What are Biofuels?
Biofuels are being touted by environmentalists around the world as the answer to the global fuel crisis. But what are Biofuels exactly? This is a look at whether or not biofuels can realistically replace fossil fuels as a source of energy.
What are Biofuels?
Biofuels are essentially any type of fuel produced from living things, or the waste they create. The list of biofuels is almost endless but to give you an idea, it includes the following:
- Wood, straw and wood chippings
- Bullets or fluids made from wood
- Biogas or methane created from animal waste
- Ethanol, diesel and other fuels created by converting plant material or waste oil into something that can be used as fuel.
Generally, the term “biofuel” refers to the last category in mainstream media. Crops include rapeseed, corn and and sugarcane. Biofuels have been around for years and you could think of the first biofuel being associated with the discovery fire – wood was the very first biofuel.
One of the first people who managed to convince the public of the benefits of using ethanol was the German Nikolaus August Otto. He created a diesel engine which ran on peanut oil. Henry Ford’s Model T car ran on biofuel created from hemp between 1903 and 1926.
As petroleum became cheaper, the amount of biofuels produced dropped for a while. Things picked up during World War II when the demand for alternatives to imported fuel rose. Germany was a pioneer in this field and did things like mix fuel with alcohol made from potatoes. Once the war ended and pressure eased, the need to produce biofuels diminished again.
What are Biofuels: Advantages
Advocates of biofuels love pointing out the advantages of biofuels (who doesn’t though) and the main ones are listed below.
- Biofuels could become a lot cheaper than oil and other fossil fuels. This is especially true as the global demand for oil increases as supplies decrease and additional sources of biofuels are discovered.
- Oil is a finite resource that comes from certain materials whereas biofuels can be created from wide variety of things which include manure, crop waste and similar by-products making it a fantastic way to recycle waste materials.
- While fossil fuels take a long time (as long as 300 million years) to be created, biofuels are a lot easier to renew as crops take far less time to grow.
- Since biofuels can be made anywhere in the world, they decrease a state’s dependence on foreign sources of energy. This allows nations maintain their integrity by strengthening the local economy by supporting local farmers instead of other governments.
- Biofuels create jobs as they are produced locally. It also stimulates the agricultural industry as the demand for agricultural products increases.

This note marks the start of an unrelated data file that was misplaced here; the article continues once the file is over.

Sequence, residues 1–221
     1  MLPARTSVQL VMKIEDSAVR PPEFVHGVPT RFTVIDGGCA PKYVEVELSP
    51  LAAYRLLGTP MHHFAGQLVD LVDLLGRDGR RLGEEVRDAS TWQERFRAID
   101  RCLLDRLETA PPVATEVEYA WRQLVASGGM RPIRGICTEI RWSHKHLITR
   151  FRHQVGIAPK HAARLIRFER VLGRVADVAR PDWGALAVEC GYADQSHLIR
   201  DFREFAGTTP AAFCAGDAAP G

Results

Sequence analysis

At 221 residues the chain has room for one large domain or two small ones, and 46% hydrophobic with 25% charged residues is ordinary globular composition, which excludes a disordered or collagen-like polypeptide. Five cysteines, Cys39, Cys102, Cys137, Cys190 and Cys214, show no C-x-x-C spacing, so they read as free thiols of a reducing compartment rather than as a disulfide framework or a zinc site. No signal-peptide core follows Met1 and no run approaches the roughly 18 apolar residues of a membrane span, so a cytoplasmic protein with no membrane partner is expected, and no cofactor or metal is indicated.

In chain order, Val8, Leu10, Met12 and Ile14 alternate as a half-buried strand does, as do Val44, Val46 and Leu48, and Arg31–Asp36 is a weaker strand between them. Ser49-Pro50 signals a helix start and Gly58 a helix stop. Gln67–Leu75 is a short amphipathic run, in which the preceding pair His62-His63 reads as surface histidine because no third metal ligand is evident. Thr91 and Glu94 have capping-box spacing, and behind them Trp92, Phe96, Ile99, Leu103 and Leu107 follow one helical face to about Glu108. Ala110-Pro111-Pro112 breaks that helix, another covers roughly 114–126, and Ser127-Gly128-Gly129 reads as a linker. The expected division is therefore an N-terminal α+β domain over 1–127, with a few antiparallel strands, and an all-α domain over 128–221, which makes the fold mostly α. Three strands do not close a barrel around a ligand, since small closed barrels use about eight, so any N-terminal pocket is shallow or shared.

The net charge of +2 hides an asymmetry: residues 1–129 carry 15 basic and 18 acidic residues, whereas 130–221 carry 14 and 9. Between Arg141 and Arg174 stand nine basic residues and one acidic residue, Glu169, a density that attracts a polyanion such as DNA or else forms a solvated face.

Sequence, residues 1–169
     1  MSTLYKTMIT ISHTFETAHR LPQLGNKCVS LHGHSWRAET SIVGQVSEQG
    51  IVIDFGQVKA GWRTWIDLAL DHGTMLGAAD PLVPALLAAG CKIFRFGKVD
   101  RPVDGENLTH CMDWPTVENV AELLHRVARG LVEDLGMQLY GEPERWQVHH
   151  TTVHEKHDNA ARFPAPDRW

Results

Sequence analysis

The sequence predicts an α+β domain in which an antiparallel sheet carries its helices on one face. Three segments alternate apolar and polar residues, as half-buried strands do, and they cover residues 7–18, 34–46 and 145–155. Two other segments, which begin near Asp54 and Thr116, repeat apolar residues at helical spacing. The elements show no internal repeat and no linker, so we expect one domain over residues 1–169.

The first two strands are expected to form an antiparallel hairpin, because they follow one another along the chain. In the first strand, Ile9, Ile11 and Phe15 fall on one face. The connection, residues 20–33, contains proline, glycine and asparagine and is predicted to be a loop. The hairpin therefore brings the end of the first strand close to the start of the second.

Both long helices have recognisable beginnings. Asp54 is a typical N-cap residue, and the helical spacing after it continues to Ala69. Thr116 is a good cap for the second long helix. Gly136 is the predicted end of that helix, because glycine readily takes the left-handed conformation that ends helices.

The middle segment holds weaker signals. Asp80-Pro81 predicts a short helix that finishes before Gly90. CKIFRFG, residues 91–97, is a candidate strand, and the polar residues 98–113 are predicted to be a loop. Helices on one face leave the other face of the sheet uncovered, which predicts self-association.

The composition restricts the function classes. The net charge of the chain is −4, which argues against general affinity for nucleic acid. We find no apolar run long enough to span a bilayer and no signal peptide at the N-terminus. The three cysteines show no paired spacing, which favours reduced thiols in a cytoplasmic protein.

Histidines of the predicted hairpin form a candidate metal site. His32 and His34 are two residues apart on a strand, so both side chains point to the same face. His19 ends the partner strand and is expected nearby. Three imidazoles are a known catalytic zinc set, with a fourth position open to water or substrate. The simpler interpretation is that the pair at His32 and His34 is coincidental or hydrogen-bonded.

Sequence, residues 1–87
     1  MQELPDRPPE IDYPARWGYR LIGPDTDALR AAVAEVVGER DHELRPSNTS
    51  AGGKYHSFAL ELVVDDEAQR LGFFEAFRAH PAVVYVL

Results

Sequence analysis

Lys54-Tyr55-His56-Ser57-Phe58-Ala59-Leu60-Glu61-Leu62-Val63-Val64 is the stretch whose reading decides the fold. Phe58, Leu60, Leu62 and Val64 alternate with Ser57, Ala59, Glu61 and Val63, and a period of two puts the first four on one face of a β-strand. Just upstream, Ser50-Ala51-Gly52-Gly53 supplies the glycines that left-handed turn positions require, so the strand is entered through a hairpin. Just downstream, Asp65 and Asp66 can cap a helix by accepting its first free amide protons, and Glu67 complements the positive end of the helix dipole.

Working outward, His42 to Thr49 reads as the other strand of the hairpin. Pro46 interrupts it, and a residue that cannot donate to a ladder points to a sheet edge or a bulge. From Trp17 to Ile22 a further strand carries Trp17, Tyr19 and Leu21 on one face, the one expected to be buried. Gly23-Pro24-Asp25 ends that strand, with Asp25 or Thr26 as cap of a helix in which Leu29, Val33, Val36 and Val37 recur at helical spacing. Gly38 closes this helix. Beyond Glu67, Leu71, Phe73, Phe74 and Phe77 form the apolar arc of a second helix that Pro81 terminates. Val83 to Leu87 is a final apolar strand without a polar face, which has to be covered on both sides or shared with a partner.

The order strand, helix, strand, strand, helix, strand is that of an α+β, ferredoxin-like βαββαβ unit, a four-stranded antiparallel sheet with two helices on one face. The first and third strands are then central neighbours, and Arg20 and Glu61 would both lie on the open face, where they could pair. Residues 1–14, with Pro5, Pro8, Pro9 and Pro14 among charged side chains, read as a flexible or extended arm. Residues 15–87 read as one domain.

What are Biofuels: Disadvantages of Biofuels
All of this sounds very promising but there are downsides to biofuels, some of which are more obvious than others. Below are some of the biggest concerns that have been raised by experts in the industry:
- The production of biofuels discourages biofuels. Most of the western world is already heavily dependent on monocultured crops and many people are worried that large scale biofuel production will destroy the small amount of habitat still available to animals and indigenous plants. In Latin America for example, the main concern surrounds the destruction of rainforests for biofuel production - already diminishing at a rapid rate.
- If more portions of food crops like corn or soy are used as a fuel source, it could push up the price of food. This normally affects those who can least afford it.
- In Africa in particular, there is the concern that the production of biofuels has increased land grabbing.
Can the Demand for Fuel be met with Biofuels?
At the moment the answer is no. There are still one or two issues with technology and production so experts are saying that the focus should be on reducing our energy consumption instead of finding alternative fuel sources.
Furthermore, studies have found that especially in the United States, the production of biofuels increases greenhouse gas emissions instead of decreasing them.
On a more upbeat note, there is the hope that second generation biofuels will be able to meet this demand. These are biofuels made from organic materials but with more advanced technology.
While we have a long way to go, people are beginning to demand alternative energy sources such as biofuels. It is not just the technology that needs to catch up though, people also needs to change their mindsets. Biofuels need to be seen as more than just a hippie alternative for this to happen.
Interestingly enough, many adventurers are doing their bit to change mindsets by travelling through Africa (indeed even the world) on biofuels. Read about Chris and Elayne Clash, who travelled the world in a buggy that ran on waste vegetable oil.
Or follow South African comedian Mark Sampson, who is currently on a journey through Africa with his family in a truck fuelled on biofuels (and attempting to break the Guiness Book of World Records for travelling the furthest on biofuel).
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